The United States has confirmed that an anti-drug plane that crashed in Colombia last month was shot down by hostile fire.
The Colombian Government is trying to eradicate drug crops
Rebels of the left-wing ELN said on Thursday that they had downed the US-owned aircraft, which crashed on 21 September.
A State Department spokeswoman in Washington told BBC News Online that the plane crashed in the Norte de Santandar region, killing its Costa Rican pilot.
"Preliminary information indicates it was struck by hostile ground fire," she said.
US-owned planes regularly spray suspected coca plantations in Colombia in an effort to stamp out the supply of cocaine.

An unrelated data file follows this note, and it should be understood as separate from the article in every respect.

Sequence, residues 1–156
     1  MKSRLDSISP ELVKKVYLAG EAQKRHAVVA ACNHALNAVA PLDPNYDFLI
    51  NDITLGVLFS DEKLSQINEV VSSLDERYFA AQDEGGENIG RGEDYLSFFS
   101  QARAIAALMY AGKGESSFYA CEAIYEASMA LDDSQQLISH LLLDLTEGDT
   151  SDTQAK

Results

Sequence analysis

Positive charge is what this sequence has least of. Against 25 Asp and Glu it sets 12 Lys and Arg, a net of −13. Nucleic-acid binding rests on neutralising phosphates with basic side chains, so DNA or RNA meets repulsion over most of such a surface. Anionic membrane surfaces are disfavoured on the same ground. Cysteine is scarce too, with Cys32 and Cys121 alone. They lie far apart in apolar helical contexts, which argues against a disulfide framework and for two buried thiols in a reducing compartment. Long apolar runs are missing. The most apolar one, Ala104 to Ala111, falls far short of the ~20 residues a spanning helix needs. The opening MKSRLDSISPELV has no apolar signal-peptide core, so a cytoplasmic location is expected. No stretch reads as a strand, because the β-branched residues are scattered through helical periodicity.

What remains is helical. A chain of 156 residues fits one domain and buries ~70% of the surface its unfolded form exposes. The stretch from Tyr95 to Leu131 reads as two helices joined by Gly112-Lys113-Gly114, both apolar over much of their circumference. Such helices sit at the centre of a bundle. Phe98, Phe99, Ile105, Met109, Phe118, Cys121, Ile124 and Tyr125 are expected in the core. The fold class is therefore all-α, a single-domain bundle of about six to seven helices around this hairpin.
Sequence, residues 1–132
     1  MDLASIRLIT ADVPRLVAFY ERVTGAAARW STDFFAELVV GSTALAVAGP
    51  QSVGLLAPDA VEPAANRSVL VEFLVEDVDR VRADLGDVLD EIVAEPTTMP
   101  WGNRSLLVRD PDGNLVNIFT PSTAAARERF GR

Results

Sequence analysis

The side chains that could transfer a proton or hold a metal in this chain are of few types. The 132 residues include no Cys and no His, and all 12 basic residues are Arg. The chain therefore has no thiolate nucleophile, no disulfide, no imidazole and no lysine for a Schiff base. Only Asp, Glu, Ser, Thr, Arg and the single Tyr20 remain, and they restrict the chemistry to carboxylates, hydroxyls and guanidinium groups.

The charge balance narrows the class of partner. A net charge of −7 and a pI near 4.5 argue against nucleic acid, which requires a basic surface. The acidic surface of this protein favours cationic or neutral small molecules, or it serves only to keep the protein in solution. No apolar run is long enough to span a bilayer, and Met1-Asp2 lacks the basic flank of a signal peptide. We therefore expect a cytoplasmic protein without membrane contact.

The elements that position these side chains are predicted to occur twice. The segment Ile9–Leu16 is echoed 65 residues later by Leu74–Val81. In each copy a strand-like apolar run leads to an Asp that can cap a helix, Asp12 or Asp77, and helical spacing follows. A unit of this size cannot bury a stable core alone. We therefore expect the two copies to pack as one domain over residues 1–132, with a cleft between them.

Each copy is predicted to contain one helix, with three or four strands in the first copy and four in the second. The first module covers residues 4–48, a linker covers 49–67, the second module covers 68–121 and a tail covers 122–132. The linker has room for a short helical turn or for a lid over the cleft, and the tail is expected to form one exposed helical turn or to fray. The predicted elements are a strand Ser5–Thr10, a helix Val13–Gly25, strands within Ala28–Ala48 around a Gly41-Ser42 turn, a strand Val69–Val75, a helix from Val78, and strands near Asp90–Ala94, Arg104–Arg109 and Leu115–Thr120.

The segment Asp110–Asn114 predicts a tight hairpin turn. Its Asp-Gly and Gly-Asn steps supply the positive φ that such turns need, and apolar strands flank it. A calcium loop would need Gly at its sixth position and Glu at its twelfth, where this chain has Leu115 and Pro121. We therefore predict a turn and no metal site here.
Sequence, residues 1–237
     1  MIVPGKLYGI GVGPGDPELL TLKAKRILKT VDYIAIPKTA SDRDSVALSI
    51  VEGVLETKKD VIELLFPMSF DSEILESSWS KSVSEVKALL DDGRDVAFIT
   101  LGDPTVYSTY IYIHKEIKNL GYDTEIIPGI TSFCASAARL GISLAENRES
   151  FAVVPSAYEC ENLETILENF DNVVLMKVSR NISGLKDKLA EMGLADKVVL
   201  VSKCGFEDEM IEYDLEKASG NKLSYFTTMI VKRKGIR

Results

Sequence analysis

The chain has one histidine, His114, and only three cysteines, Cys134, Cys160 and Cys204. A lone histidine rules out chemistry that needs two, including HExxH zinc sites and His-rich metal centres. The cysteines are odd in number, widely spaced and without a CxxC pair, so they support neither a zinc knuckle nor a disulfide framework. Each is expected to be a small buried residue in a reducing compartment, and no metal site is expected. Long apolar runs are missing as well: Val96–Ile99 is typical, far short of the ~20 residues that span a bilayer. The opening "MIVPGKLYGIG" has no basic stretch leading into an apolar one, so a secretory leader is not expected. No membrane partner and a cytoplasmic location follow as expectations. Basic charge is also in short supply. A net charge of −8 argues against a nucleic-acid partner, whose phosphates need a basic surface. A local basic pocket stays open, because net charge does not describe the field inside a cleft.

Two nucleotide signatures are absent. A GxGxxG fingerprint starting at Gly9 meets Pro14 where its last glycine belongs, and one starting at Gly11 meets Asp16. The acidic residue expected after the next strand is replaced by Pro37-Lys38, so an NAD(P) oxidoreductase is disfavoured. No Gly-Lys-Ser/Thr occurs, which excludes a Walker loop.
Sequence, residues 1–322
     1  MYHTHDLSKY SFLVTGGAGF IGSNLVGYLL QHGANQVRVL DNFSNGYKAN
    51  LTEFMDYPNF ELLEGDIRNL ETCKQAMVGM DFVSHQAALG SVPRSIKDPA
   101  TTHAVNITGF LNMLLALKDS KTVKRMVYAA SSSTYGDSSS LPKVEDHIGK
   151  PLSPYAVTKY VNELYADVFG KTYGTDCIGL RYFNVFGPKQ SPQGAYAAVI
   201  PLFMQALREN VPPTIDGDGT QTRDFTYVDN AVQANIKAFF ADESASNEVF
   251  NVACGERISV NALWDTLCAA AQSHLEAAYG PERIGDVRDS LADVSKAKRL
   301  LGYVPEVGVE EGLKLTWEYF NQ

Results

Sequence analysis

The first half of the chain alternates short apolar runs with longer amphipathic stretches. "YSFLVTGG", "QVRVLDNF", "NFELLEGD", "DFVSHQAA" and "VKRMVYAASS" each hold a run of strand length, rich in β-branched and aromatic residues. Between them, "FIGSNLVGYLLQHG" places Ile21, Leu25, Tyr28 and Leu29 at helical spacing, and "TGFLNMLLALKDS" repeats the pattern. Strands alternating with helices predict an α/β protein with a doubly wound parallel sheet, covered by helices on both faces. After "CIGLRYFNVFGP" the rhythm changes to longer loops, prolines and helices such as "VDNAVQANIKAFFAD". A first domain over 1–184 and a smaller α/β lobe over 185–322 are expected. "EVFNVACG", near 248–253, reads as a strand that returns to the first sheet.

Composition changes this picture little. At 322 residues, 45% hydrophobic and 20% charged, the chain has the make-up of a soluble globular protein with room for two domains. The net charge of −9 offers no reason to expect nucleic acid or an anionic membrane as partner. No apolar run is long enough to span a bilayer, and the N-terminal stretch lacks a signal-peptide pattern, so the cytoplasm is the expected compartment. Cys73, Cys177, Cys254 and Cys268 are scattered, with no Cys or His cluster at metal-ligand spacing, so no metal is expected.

The previous plane to be shot down crashed on 25 August, the spokeswoman said.
She said 320 rounds of hostile fire had hit spray aircraft this year.
The State Department says the increase in hostile fire indicates that the spray missions have been achieving their objective.
Search-and-rescue craft accompany the spray missions, the spokeswoman said.